The sheet—stained and wet with so much blood it was almost black in spots—pulled back with the resistance of the rind of an orange reluctant to leave the flesh beneath, to reveal the head of a pretty young woman wearing pearl earrings. Her neck was long, decorated with a matching pearl necklace, but beyond that . . . a pile of raw meat. Arden stared for a moment, her eyes not quite able to make her brain see reality. Finally, after a few moments—and a rather inspired bout of gagging from young Mr. Fence—she saw the scene for what it was.
Someone, or something, had torn this precious little girl apart. Her pale blue eyes were wide open, as was her Cupid’s bow mouth. Her flawless skin, the pale robin’s-egg waxy color of death, was dotted with freckles of blood. She was not a factory worker—a pair of fine silk gloves lay not far from her body. Nor was she a member of the demimonde, for she was far too fresh and sweet looking, and not nearly as fashionable. Her demure, ruined gown cost more than what the retching Mr. Fence probably made in a month.
She was a member of the upper classes, quite possibly of noble birth.
Mindful of her skirts, she lifted them as she moved around the clotted puddle to stand at the girl’s head. She squatted down, tugging off her right glove so her fingers could touch the porcelain coolness of a stiff, delicate wrist. The girl had been dead for several hours—long enough for her body to lose all warmth and become fairly rigid.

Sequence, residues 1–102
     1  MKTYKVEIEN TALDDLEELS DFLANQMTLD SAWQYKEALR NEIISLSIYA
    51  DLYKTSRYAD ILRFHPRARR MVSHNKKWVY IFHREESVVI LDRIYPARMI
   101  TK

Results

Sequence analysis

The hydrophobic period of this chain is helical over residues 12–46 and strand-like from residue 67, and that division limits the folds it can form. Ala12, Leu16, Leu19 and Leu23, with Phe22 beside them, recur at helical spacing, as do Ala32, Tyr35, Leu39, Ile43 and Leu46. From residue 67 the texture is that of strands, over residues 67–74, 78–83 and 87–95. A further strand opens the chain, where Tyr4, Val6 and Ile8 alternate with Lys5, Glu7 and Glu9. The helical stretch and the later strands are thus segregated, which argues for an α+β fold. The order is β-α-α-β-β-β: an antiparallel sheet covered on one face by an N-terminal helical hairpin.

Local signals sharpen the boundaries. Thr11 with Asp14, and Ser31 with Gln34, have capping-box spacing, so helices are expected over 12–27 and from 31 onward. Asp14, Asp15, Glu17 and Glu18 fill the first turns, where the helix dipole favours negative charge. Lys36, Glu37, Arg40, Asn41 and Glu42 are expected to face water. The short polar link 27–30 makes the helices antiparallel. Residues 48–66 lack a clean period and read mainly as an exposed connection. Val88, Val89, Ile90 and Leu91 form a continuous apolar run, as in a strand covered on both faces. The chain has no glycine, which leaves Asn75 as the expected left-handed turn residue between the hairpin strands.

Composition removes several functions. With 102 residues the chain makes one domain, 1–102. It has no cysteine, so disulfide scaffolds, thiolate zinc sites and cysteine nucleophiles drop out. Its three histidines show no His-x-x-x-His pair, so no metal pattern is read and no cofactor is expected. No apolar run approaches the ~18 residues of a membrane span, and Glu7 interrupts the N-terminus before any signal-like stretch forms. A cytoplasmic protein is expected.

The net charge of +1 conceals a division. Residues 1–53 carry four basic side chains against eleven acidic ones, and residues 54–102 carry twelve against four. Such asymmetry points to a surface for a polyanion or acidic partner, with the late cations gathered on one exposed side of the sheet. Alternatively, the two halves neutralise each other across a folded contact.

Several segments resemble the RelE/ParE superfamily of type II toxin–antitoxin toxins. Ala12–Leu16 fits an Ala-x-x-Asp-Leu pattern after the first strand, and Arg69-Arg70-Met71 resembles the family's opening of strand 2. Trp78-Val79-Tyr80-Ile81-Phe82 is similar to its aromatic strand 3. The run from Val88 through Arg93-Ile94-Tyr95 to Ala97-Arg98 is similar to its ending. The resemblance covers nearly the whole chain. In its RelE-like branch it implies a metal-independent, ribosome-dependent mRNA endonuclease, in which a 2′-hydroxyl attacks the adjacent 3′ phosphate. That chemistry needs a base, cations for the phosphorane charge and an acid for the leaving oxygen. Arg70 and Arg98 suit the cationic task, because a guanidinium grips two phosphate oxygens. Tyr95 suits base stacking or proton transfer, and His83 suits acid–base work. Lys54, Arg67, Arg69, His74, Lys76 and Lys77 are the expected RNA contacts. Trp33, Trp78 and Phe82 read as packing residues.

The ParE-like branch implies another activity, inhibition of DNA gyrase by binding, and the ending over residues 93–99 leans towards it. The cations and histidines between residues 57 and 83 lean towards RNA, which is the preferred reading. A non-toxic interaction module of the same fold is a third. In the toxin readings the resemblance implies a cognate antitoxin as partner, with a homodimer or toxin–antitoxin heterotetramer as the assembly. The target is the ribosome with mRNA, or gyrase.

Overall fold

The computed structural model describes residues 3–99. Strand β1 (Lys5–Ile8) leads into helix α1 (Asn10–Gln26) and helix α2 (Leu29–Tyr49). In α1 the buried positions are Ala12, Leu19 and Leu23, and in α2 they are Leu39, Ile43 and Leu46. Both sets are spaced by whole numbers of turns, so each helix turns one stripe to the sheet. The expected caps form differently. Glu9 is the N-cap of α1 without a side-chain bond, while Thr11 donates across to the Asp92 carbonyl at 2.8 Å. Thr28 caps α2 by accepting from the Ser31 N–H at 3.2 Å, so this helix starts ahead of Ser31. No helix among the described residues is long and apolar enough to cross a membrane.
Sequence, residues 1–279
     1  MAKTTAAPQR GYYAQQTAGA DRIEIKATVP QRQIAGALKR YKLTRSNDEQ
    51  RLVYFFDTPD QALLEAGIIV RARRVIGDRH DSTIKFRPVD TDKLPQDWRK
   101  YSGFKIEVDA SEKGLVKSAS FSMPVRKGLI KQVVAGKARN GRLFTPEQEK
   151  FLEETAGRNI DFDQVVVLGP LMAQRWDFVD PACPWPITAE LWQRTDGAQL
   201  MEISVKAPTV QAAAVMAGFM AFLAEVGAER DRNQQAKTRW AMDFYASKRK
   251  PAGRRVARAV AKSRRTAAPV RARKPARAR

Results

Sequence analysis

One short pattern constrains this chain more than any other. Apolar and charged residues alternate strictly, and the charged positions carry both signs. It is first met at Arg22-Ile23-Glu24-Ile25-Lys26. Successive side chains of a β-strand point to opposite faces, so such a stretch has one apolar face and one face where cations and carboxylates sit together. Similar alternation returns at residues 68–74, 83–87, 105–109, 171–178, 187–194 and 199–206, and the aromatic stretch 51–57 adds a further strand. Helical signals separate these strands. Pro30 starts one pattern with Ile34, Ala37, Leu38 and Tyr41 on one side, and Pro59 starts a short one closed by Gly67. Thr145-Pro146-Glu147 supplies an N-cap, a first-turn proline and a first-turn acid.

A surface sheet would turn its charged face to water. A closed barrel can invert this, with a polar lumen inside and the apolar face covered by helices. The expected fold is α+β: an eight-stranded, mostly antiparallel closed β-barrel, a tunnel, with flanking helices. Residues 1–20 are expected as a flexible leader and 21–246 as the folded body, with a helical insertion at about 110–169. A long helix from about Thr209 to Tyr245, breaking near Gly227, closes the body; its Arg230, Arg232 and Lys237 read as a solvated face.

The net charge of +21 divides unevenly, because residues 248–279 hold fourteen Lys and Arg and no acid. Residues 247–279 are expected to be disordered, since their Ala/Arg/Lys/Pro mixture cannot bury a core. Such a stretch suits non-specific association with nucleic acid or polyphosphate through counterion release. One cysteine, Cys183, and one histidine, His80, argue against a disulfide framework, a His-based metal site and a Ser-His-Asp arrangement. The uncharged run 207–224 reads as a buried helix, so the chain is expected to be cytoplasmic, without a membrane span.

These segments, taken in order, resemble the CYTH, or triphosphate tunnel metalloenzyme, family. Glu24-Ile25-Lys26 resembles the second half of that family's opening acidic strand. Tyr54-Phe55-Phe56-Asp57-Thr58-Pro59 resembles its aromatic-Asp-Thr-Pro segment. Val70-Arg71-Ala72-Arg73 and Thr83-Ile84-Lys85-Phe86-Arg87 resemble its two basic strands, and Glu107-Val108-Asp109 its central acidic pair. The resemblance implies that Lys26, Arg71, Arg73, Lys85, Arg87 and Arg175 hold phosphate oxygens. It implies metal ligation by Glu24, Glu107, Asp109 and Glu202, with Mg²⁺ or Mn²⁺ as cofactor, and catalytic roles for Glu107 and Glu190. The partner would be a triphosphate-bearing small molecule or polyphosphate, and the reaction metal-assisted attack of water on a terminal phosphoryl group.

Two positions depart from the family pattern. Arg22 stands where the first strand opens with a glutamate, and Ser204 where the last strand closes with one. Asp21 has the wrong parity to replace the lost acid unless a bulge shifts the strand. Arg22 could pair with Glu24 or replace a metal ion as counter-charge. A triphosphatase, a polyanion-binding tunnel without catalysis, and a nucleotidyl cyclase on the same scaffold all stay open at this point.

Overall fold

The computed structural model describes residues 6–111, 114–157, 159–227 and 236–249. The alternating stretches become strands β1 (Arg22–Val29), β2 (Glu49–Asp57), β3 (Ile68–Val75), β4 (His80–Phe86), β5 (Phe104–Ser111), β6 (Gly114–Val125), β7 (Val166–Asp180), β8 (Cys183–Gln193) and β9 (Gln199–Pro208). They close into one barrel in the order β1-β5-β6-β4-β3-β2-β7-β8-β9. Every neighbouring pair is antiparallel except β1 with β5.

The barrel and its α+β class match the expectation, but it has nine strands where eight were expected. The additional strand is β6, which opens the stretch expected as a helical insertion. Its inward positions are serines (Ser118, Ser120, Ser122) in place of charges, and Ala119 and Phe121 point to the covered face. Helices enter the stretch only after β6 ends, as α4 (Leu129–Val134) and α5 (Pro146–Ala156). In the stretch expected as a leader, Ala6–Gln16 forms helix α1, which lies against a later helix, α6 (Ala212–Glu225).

A thin bruise spread like a stain beneath Arden’s fingers. She glanced up at Inspector Grant. The older man was the only one of the three who didn’t look ill. He was too experienced, too little shocked by humanity’s capacity for violence to be sickened by it anymore. Instead, he looked resigned. And worried. A murdered debutante meant trouble on so many levels for a man in his position.
“She was bound?” she inquired, swallowing against the rolling of her own stomach.
Grant nodded, his shrewd gaze resting on the ravaged girl. “Most likely the bugger—pardon my French, my lady—brought the poor gel here by force.”
It was possible, she supposed, but this bruise was purple and slightly yellow, not the usual raw red that one would expect if she had been recently restrained. This bruising was older and could have many causes.
The inspector jerked his head toward the entrance. “Fence, Brown, make use of yourself elsewhere.” He watched as the two relieved young men walked away before navigating around the corpse to squat beside her. “Do you think you might . . . be able to use your apparatus on her?”